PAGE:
NewEnergyNews More: How To Use The Social Cost Of Carbon To Stop The Crisis

Every day is Earthday.

Some details about NewEnergyNews and the man behind the curtain: Herman K. Trabish, Agua Dulce, CA., Doctor with my hands, Writer with my head, Student of New Energy and Human Experience with my heart



Your intrepid reporter


    A tip of the NewEnergyNews cap to Phillip Garcia for crucial assistance in the design implementation of this site. Thanks, Phillip.


Pay a visit to the HARRY BOYKOFF page at Basketball Reference, sponsored by NewEnergyNews and Oil In Their Blood.

  • ---------------
  • Tuesday, June 4, 2019

    How To Use The Social Cost Of Carbon To Stop The Crisis

    The Number With The Power To Halt The Climate Crisis; Wonky as it sounds, the social cost of carbon holds the key to crafting policies that avoid harm from greenhouse gas emissions.

    Phil Davies, May 31, 2019 (Ensia)

    “…[The social cost of carbon (SCC) is] a wonky number that captures the economic burden to society at a given point in the future of a metric ton of carbon dioxide released today. Because the SCC represents the economic benefit we’ll reap tomorrow by cutting CO2 emissions today, it gives us a way to put a dollar value on efforts to reduce future emissions and forestall climate change…[A number of countries, mainly in North America, have adopted the SCC as a tool for incorporating the impact of carbon into policies intended to prevent harm from climate change. Getting the SCC right — or at least agreeing on a range of values supported by the best available science — is vital to efforts to mitigate the climate crisis through regulation and market-based solutions such as carbon taxes…

    Calculating the SCC involves projecting increases in CO2 emissions due to population and economic growth, modeling the climate’s response to those emissions, and translating climatic change into expected economic damages (and benefits, in some instances) across multiple economic sectors. Because people typically value a dollar today more than a dollar tomorrow, a discount rate — typically between 2.5% and 7% annually — is applied to future damages. Discounting significantly reduces the impact, in current dollars, of damages that occur decades from now, and thus the benefits of preventing them. For example, at an annual discount rate of 3 percent, US$100 of climate damages in 2100 is worth about US$7 today…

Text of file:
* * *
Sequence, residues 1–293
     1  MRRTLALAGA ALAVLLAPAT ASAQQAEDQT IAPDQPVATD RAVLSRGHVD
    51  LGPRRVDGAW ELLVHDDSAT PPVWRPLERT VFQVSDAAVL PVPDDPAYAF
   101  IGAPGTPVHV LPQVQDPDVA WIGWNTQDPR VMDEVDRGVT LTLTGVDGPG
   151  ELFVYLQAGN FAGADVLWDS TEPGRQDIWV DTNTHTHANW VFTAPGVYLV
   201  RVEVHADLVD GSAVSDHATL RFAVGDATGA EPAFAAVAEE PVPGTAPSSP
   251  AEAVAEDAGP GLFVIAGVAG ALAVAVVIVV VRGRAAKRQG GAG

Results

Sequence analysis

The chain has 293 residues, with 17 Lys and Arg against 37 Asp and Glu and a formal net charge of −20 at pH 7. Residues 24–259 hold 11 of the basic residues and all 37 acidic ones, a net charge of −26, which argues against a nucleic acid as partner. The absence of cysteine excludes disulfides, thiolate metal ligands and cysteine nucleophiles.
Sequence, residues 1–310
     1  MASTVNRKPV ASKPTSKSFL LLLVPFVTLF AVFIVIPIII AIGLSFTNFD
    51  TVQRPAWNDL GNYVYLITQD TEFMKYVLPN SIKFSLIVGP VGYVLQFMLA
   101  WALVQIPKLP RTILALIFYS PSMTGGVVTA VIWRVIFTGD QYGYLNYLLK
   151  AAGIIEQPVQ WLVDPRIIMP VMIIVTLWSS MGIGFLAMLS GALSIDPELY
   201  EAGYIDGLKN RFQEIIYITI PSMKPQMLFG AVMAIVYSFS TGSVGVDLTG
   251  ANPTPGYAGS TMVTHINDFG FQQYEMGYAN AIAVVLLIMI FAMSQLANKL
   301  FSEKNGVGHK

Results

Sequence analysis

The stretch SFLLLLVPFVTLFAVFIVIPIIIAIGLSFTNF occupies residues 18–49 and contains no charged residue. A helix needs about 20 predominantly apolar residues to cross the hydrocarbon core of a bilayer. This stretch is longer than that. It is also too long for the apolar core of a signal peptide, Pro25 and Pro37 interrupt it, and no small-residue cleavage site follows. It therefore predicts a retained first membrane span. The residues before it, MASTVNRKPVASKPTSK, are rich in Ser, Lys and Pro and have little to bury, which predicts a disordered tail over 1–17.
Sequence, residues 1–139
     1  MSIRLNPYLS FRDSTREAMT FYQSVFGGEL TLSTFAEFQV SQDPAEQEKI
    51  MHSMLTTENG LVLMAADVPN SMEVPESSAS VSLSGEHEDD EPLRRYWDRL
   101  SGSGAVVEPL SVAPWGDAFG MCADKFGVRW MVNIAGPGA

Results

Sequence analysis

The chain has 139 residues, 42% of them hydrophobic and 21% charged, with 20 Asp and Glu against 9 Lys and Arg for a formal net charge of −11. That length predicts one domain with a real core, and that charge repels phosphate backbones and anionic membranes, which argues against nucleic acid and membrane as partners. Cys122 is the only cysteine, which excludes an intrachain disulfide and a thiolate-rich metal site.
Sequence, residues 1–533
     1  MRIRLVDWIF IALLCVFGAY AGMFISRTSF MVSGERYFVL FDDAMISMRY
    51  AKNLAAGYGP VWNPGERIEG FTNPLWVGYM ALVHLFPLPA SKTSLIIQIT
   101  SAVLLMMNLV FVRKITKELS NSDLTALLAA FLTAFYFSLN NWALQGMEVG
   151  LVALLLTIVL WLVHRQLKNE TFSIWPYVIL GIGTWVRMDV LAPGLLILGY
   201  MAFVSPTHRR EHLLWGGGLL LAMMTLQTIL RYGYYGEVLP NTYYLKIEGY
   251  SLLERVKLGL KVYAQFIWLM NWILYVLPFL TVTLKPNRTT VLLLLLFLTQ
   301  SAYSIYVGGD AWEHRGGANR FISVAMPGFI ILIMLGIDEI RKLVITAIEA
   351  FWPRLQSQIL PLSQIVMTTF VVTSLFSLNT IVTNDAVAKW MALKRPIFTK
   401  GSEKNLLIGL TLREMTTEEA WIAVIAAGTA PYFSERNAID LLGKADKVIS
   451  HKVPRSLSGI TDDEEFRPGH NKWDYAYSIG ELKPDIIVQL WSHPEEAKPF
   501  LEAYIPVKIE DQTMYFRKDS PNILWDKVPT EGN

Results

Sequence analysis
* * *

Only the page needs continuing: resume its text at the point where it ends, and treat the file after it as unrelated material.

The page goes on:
Many governments have set the SCC at about US$50 per metric ton of CO2 — the “central” estimate of a federal interagency working group in 2016. This figure is for emissions in 2020…But cost estimates of harm from CO2 emissions [from things like more frequent wildfires and large-scale migration] range from as little as US$1 per metric ton (a number proposed by the Trump administration) to over US$400 per metric ton — the number that emerged from a 2018 study by a team of U.S. and European researchers…Economists and climate researchers are [tapping the power of big data] to get a better handle on the SCC and make it less mysterious to regulatory analysts and policymakers…After all the revising and tweaking, the SCC is likely to remain an imperfect measure…But researchers hope to reduce that uncertainty and boost confidence in the SCC as the basis for policy aimed at avoiding the worst consequences…” click here for more


    Post a Comment

    Note: Only a member of this blog may post a comment.

    << Home